Korean fall festivals. The Busan International Film Festival gets bigger every year.
Here’s a post on Pat Bing Soo, a very yummy summer treat in Korea. I was thinking about doing a post on this, but it’s already been done on Untitled Press Korean stuff.
We live in Mangmi dong, Suyong-gu, Busan City, South Korea. Our apartment is situated on the Suyong River and when we look south out the window we can see the Pacific Ocean. Recently a new apartment complex is being built near ours. It’s called the Centum River SK View Apartments. A viewing center is set up across from our apartment and we took a few pictures to give you a look at the newest apartments being built in Korea.
Now for a review of the places we’ve lived since being here. First stop was Chung-li, Masan, South Korea:
Then we had a stint in Busan, Korea in 2003. We attended a Korean course and stayed in the Romance Motel. We lived here for 4 months. Yikes! No cooking facilities. Actually the people who owned this motel became like our older brother and sister (Oh Ba, Noona). We had another 7 months stint here in 2006 and 2 months in 2010.
In 2005 we moved to Jang yu in Kimhae City. Here’s some pictures from there:
Last but not least is where we’re living now. We lived here for a year in 2007 and then returned in 2010.
Looks a bit different now. There has been a lot of changes around the neighbourhood with the addition of Costco a block away and Centum City across the river. Our home is a little more lived in now too:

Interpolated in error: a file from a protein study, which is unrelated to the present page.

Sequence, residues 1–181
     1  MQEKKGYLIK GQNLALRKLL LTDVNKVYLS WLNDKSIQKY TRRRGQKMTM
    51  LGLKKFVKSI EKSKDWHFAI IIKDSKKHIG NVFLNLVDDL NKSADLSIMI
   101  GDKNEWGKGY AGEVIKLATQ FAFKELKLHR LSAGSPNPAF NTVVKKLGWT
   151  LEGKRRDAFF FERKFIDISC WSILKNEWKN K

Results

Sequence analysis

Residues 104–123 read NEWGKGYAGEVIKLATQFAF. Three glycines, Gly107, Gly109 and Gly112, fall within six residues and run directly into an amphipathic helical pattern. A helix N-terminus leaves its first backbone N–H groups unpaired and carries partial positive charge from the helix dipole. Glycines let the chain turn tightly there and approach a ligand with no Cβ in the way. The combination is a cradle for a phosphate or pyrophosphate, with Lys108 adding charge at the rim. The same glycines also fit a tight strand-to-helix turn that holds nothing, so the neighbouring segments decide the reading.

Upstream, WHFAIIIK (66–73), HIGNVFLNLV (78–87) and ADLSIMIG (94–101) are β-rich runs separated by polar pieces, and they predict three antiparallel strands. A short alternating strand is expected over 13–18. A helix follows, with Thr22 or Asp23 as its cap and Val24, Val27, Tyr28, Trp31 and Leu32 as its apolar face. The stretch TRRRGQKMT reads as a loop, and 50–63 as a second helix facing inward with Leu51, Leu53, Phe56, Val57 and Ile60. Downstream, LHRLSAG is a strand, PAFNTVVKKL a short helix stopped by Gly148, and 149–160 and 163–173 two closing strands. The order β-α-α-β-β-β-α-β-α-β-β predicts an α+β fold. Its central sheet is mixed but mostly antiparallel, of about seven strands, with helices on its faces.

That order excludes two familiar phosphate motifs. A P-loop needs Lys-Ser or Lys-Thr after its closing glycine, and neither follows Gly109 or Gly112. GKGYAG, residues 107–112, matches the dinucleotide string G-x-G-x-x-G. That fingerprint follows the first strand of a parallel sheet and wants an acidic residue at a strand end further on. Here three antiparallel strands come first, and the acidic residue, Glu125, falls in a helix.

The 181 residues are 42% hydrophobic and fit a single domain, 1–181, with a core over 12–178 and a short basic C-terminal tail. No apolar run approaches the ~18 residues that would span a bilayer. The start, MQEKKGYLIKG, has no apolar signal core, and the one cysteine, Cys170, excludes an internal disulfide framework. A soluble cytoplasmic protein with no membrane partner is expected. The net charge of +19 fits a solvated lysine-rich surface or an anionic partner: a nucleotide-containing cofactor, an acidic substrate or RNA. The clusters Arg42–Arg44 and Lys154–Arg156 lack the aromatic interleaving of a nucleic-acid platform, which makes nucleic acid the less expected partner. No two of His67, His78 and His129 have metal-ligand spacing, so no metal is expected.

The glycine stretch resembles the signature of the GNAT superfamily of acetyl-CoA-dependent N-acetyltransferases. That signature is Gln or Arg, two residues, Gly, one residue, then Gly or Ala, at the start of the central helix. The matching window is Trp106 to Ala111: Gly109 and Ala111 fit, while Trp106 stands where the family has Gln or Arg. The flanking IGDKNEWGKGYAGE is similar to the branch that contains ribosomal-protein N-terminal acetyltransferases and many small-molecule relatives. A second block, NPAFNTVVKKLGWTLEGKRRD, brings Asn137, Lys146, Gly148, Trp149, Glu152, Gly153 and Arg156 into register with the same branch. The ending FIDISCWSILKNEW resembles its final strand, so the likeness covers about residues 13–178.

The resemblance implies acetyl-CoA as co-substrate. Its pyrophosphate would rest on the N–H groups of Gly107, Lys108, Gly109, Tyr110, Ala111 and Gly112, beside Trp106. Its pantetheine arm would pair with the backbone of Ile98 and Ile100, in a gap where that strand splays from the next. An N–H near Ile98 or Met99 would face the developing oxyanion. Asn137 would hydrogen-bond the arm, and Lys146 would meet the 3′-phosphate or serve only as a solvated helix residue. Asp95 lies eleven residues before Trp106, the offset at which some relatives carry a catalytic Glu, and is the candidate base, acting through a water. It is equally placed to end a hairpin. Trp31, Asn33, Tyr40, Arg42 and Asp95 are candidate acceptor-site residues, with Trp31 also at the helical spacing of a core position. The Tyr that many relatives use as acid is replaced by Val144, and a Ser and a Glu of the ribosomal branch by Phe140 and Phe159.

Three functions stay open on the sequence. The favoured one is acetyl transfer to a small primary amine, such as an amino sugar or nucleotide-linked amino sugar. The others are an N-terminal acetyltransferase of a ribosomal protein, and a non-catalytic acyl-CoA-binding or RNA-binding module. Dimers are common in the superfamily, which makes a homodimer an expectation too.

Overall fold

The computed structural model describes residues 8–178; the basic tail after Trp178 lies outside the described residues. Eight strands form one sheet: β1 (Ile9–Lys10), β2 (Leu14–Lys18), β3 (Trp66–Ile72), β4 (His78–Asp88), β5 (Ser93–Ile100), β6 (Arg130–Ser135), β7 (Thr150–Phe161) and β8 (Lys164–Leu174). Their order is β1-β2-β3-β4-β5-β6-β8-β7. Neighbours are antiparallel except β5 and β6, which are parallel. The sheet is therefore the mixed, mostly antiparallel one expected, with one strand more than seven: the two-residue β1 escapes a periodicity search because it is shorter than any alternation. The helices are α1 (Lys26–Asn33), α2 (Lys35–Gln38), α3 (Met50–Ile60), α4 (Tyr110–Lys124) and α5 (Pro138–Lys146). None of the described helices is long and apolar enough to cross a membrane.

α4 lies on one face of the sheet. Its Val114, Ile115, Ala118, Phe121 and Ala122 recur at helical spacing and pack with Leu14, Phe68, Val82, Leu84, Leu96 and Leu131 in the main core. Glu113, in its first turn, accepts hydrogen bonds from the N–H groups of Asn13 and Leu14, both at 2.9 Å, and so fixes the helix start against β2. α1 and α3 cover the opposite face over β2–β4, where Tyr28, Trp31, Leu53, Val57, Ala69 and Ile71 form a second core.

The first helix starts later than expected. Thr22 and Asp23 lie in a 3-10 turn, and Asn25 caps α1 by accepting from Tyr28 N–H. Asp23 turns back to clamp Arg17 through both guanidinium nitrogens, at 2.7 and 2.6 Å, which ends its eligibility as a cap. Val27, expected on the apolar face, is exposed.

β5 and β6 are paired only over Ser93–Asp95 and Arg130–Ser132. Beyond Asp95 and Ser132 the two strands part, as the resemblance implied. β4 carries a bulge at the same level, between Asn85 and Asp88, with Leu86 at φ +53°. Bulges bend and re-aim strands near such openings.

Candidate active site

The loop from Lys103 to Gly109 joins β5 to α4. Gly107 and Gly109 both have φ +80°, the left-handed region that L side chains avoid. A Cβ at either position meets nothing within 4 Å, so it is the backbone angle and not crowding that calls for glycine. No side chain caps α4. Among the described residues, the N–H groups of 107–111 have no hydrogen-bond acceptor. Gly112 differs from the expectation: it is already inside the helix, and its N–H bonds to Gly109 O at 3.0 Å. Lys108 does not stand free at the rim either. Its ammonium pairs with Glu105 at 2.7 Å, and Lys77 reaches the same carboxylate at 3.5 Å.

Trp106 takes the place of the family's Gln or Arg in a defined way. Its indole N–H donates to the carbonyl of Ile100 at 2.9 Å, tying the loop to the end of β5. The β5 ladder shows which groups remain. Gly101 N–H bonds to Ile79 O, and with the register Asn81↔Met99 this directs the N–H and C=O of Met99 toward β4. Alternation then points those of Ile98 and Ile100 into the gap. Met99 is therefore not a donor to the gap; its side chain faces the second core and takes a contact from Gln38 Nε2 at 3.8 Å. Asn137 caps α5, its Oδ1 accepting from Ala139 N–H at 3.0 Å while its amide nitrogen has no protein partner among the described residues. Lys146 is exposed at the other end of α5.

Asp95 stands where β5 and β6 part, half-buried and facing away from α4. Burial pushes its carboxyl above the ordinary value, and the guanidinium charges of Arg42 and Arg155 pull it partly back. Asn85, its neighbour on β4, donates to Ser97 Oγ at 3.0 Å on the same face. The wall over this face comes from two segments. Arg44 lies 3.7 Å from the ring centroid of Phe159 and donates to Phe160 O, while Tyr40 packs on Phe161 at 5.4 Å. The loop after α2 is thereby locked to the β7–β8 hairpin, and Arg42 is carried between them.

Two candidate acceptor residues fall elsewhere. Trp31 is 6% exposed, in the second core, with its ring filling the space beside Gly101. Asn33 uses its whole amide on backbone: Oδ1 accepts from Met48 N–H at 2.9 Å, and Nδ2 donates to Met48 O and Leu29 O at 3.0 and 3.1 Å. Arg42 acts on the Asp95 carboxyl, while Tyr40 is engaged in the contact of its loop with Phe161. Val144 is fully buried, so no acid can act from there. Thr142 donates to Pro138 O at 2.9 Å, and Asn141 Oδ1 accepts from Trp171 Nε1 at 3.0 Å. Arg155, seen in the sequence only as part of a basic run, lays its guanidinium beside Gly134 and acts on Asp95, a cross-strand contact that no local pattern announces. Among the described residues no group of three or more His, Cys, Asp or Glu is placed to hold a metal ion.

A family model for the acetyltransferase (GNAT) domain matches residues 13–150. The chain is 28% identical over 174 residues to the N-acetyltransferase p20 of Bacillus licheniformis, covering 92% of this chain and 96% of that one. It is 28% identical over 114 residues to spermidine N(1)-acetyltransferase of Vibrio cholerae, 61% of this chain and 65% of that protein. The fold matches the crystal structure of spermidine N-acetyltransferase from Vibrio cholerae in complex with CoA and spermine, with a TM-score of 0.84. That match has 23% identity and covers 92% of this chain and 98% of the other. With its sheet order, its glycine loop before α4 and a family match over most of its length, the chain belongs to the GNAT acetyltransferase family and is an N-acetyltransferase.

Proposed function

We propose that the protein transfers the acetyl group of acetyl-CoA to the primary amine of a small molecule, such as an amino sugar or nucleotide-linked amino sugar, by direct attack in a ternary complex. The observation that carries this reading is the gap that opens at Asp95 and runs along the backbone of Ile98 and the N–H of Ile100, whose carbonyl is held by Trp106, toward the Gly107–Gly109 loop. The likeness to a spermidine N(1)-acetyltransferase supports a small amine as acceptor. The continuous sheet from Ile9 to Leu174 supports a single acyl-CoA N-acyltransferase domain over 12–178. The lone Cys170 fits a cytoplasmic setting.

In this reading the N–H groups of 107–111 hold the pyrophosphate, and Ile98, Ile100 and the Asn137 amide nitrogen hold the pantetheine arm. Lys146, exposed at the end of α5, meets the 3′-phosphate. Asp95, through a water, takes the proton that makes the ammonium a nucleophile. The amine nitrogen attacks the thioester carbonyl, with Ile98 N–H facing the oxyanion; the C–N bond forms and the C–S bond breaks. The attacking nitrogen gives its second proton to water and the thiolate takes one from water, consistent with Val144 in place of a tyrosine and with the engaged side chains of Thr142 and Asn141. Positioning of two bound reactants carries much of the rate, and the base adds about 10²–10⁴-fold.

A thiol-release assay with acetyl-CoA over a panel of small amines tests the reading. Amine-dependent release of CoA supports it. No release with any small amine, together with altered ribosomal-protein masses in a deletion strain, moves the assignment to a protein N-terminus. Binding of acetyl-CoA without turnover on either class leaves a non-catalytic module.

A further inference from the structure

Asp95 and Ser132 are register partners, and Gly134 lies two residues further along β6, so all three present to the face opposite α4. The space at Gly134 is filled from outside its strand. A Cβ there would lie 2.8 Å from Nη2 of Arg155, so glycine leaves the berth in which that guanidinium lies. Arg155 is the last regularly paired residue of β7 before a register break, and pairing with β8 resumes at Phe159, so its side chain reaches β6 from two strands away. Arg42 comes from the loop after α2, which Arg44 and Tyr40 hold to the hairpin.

There’s a little walk through our apartments in Korea.
This gallery contains 9 photos.
Interesting article on stuff that happens in subways in Korea. They seem to be doing their best to deal with the problems. I love Korea’s cartoon characters on the signs.
Very interesting and I’m not surprised.
Some interesting information about cycling in Korea.
I recently read in the news that a total of 126 people died (2009-2012) as a result of bicycle-related traffic accidents just in Seoul, Korea. There were almost 12,000 bicycle-related accidents in that period. Indeed, the number of cyclists in Korea has steadily increased in the last few years. There is even a slang term, “자출족” which refers to people who commute to and from work by bicycle. “자출족” stands for “자전거로 출퇴근하는 사람들.”
I. Let’s Define “Bicycle” (자전거)
In Korea, there are two special laws that regulate bicycles and bicycle use. One is the Road Traffic Act (도로교통법), and the other is the Promotion of the Use of Bicycles Act (자전거이용활성화에관한법률). According to the latter, a “bicycle” (자전거) is defined as:
1) “a vehicle with two or more wheels” +
2) “and a driving device operated by human-powered pedals or hand pedals, a steering system, and a brake system” +
3) “which is of a size and structure as specified the…
View original post 1,668 more words
We’ve never had this happen before. The hatred for America is scary. They want what they don’t have and hate those who have it.
My wife and I are Canadian citizens living in South Korea and we have been in this country since October of 2001. Last Sunday, we were walking through a traditional market place, quietly minding our own business and enjoying the sights and sounds. I am well-known to the market place people because I ride my bike through there very often and make a lot of purchases. My favourite summer shirt is an American League baseball shirt commemorating the win of the Toronto Blue Jays over the Oakland A’s in 1992. I was wearing this shirt, on our Sunday walk when suddenly, behind me, I heard a loud angry voice:
I ignored it and kept walking
I ignored in and kept walking.
“AMERICA! FUCK YOU!”
I had recognized the Russian-accented English and though I should not have bothered, the Irish in me steamed up and I turned around to…
View original post 234 more words
Such is the plight of the average Joe or Kim in Korea………..